OMG The Southern Ocean Bias: Observing and Modelling trace Gases to explore the Southern Ocean temperature Bias

Lead Research Organisation: University of Exeter
Department Name: Geography


The Met Office and NERC are jointly developing the UK's next generation Earth System Model. This model has a large Southern Ocean temperature bias arising in part from clouds allowing too much sunlight to reach the ocean's surface. This temperature bias compromises the reliability of future climate projections.

Cloud droplets form on particles in the atmosphere. These particles come from a mixture of natural and human sources. More cloud droplets mean brighter (more reflective) clouds, and less sunlight passing through those clouds. Present-day cloud brightness reflects the natural 'background' particle production, and the number of human-produced (anthropogenic) particles that are transported over the Southern Ocean. This natural/anthropogenic particle ratio is critical to understand how the system will respond to increases/decreases in anthropogenic particle emissions, because changes on top of a 'clean' atmosphere have a much bigger impact than changes in an already 'dirty' atmosphere.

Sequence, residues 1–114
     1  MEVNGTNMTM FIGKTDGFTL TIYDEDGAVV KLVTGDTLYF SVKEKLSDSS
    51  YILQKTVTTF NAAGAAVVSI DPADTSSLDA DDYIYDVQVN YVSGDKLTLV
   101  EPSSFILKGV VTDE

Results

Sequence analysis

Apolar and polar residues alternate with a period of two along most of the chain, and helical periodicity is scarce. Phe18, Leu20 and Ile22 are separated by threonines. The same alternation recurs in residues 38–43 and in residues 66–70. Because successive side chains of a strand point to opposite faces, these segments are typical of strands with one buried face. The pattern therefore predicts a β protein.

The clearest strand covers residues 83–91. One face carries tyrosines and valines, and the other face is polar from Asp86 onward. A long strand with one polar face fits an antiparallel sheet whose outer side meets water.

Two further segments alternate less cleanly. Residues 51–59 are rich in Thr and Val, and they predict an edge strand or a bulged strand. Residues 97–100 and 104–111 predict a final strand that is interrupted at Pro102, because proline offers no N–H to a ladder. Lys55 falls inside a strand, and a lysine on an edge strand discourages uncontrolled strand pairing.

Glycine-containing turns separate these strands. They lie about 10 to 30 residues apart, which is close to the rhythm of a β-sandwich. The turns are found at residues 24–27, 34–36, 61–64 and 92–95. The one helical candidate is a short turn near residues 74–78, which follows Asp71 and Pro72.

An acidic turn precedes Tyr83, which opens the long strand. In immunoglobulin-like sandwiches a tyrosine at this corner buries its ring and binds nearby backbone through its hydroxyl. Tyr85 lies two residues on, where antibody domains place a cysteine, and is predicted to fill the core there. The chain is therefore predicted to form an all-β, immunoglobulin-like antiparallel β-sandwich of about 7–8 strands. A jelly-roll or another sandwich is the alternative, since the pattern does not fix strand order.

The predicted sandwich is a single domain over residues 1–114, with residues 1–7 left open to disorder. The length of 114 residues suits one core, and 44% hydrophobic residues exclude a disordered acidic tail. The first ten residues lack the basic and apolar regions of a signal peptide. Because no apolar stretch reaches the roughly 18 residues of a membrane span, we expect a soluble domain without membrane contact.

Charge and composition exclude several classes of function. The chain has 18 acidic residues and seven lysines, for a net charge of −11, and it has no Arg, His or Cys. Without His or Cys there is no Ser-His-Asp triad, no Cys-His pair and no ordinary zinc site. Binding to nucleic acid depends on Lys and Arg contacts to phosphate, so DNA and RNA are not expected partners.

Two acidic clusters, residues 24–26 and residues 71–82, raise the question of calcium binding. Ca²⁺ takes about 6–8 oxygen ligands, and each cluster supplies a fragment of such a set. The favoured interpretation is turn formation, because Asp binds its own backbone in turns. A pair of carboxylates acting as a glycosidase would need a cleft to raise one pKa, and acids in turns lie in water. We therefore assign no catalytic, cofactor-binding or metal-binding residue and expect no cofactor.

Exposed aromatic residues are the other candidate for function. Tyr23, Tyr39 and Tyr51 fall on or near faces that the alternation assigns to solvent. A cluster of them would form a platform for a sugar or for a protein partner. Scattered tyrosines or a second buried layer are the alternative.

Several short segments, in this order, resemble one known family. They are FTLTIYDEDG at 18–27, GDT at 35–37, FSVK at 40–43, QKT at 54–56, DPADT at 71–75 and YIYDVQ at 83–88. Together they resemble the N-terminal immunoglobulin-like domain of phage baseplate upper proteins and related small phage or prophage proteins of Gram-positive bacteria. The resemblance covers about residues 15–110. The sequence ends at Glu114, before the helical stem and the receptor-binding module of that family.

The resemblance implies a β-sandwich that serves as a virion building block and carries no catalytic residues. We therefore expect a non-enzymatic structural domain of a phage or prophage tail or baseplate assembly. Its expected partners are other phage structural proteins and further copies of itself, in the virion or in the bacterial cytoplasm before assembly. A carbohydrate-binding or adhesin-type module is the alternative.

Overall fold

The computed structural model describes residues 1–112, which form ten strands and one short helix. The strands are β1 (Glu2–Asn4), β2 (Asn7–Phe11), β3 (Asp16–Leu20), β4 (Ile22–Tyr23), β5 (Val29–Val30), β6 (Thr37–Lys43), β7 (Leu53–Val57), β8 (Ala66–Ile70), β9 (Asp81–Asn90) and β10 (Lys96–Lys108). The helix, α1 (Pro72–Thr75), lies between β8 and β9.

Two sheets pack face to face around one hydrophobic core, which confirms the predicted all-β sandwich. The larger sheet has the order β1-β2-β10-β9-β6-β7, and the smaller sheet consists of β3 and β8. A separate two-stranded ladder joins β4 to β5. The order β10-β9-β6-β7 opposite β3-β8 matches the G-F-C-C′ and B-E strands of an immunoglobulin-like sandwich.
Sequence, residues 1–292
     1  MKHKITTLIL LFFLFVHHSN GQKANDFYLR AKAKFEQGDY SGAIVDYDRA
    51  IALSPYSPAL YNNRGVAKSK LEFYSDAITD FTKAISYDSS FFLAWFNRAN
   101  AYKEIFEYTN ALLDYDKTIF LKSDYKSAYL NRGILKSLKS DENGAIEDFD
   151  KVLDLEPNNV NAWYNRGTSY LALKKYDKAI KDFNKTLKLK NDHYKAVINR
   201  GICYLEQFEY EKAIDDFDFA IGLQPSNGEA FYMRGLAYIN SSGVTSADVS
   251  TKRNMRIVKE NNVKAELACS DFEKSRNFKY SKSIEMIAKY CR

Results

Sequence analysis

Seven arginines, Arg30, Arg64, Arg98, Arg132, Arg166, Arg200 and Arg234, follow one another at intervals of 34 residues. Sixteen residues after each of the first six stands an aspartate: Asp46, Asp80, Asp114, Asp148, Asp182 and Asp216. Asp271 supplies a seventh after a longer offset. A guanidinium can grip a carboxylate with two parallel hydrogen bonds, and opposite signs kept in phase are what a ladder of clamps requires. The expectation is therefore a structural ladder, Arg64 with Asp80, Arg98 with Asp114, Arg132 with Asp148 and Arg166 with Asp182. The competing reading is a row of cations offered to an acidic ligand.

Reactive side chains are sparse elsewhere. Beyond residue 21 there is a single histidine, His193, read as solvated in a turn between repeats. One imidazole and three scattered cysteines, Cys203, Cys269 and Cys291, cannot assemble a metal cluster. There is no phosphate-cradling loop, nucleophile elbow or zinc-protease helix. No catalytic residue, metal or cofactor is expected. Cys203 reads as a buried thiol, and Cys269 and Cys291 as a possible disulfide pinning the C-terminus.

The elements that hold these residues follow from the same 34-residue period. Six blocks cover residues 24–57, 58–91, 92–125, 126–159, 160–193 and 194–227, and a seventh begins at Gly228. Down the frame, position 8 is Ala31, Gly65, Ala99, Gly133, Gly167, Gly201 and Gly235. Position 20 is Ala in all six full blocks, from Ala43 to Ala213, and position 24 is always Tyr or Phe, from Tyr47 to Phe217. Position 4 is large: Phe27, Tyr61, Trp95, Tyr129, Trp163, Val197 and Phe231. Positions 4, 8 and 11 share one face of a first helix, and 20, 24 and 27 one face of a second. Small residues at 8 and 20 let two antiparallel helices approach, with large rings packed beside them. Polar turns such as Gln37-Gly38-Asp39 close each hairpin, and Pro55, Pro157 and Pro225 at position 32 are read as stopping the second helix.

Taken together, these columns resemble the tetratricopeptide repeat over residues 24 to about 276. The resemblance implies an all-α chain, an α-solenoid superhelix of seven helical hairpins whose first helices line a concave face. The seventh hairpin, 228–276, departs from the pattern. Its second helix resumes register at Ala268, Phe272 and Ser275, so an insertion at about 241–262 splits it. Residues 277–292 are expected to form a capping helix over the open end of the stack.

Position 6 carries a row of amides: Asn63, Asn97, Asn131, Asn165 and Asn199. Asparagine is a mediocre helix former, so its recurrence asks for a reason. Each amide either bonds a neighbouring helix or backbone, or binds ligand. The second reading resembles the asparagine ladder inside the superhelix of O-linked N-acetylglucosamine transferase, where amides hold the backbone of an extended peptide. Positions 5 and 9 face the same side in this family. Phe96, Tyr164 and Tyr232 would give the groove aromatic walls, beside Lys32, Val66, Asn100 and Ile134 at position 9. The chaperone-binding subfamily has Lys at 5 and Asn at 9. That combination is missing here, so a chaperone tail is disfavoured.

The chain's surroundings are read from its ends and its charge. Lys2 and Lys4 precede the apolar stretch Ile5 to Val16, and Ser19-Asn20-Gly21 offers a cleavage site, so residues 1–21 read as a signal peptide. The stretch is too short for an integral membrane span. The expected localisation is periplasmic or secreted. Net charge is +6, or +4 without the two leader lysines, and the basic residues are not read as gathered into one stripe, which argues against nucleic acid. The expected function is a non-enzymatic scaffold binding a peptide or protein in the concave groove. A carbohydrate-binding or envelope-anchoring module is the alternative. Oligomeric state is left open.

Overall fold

This studentship aims to (1) determine the level and range of possible background emissions of the primary biological particle source in the region, dimethylsulphide, (2) implement changes to these emissions in the Met Office model, and (3) explore the implications of this for the model's Southern Ocean, and climate change.


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